Ristorante Paradiso: anime review – the story of lives going well

Review: Ristorante Paradiso surely looks different because almost all its characters are adults but the best part is that these people don’t just look like adults, they act like one, with incredible grace and maturity. This show gives good examples on how to deal with problems wisely and peacefully.

The series may be told through a teenage girl’s view, Nicolleta, but don’t let that fact deceive you. Ristorante Paradiso almost exclusively deals with matters of adults. The show begins with Nicolleta arriving at Rome for the first time. Her main objective is to look for her mother who has left her with her grandmother since she was little. Initially, Nicolleta wants her mother to pay for what she has done but the events takes unexpected turn and Nicolleta ends up working in the restaurant own by her mother’s new boyfriend. The restaurant is popular for its delicious food and for the staffs who are all attractive middle aged men with, fake or real, spectacles.

By genre, Ristorante Paradiso is a drama through and through with mild flavor of romance on Nicolleta’s side. The story is arguably episodic for in each episode, different character is focused and explored and simultaneously, Nicolleta’s story which is the main plot continues to developed, albeit at very slow pacing. As a result of the limited episode number, most of the character explorations for the staffs of the restaurant are done in retrospective pattern, there’s just not enough time for progressive development. Since she is too young to have any history, Nicoletta’s character is the only one that moves forward. Nevertheless, by the time the show concludes, the viewer will have already known every staff member of the restaurant. It is a pity that the anime ends a little too soon, just after we start to know and love all these characters.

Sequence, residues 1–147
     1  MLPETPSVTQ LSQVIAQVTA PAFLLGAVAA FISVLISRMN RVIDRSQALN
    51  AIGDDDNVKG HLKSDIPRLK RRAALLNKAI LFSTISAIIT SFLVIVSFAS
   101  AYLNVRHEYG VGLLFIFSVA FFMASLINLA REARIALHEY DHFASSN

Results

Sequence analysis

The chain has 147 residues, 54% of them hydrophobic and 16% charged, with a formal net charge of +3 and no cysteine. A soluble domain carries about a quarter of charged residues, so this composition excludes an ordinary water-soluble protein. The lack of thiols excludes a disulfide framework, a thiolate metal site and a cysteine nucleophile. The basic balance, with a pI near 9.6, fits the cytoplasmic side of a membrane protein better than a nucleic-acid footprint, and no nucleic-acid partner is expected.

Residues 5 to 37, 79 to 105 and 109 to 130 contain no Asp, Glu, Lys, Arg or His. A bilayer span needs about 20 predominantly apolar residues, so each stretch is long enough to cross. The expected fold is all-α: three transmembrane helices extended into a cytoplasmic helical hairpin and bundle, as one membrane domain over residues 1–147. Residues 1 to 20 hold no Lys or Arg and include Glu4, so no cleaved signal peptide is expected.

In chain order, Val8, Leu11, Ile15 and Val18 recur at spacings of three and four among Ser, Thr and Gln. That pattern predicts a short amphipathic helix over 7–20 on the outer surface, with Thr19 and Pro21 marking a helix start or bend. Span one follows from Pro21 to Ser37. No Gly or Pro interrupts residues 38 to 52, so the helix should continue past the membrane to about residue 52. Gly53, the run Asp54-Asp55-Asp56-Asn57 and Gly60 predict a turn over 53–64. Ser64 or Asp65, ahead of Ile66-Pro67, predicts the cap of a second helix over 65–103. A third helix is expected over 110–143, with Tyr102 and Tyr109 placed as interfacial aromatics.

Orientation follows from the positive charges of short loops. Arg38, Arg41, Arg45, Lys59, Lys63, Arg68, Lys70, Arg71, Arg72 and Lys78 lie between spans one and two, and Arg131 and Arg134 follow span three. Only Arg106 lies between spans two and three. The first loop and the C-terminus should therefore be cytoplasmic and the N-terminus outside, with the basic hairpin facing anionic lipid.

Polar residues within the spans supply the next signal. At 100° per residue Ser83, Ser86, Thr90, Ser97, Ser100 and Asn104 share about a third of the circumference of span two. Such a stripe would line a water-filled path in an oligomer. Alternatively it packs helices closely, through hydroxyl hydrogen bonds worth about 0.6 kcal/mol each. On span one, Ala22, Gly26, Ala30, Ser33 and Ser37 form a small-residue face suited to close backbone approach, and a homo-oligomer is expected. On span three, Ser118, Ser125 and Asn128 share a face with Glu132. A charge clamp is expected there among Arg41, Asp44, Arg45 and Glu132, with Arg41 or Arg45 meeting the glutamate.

Everyone has a problem or two but the anime is unusually uneventful; problems are solved so easily and smoothly just by talking quietly. For example, Claudio and his ex-wife, Gabriella treats each other unbelievably well with warmth and passion, like old friends. When Nicoletta learns of Claudio’s difficult feeling towards his ex-wife, she openly tells Gabriella and everything is solved without any arguments. Another similar situation is when Lorenzo learns that Olga has been hiding Nicoletta’s true identity from him but he is not mad because he understands Olga’s feeling. At first, things seem a little dull but after thinking carefully, watching this anime is quite uplifting. These people are kind, understanding and, most importantly, forgiving. Their lives are far from perfect but how they behave is simply ideal. Unlike other anime, Ristorante Paradiso never tries to excite the viewers by making things go wrong or creating unfortunate events for the characters. Instead, the show relies on optimistic view of life and makes the viewers feel good that everything turns out well.

Rome is beautifully portrayed in this anime. Great deal of attention is put into lights and shadows resulting in almost magical atmosphere of Rome at night. The use of CG graphic is obvious but not interrupting. Though never catchy, the music significantly adds unique flavor into the show but never interrupts the show’s peaceful feeling.

Watching this anime is like going on a vacation to Rome and taking a break from the commotion of shonen anime, the noisy high school life and from matters of teenagers. The maturity, tranquility and the silence are exceptionally refreshing. Ristorante Paradiso is the kind of anime that is so easy to be overlooked for its mild manners and stillness. It may not be an absolute must see for everyone and the spectacles fetish could be awkward to some but once you really look into it, the treasure hidden inside is unmistakable.
Rating: B+

Facts
Title: Ristorante Paradiso
Genre: drama, romance
Released date: April 8, 2009 – June 2009
Episode: 11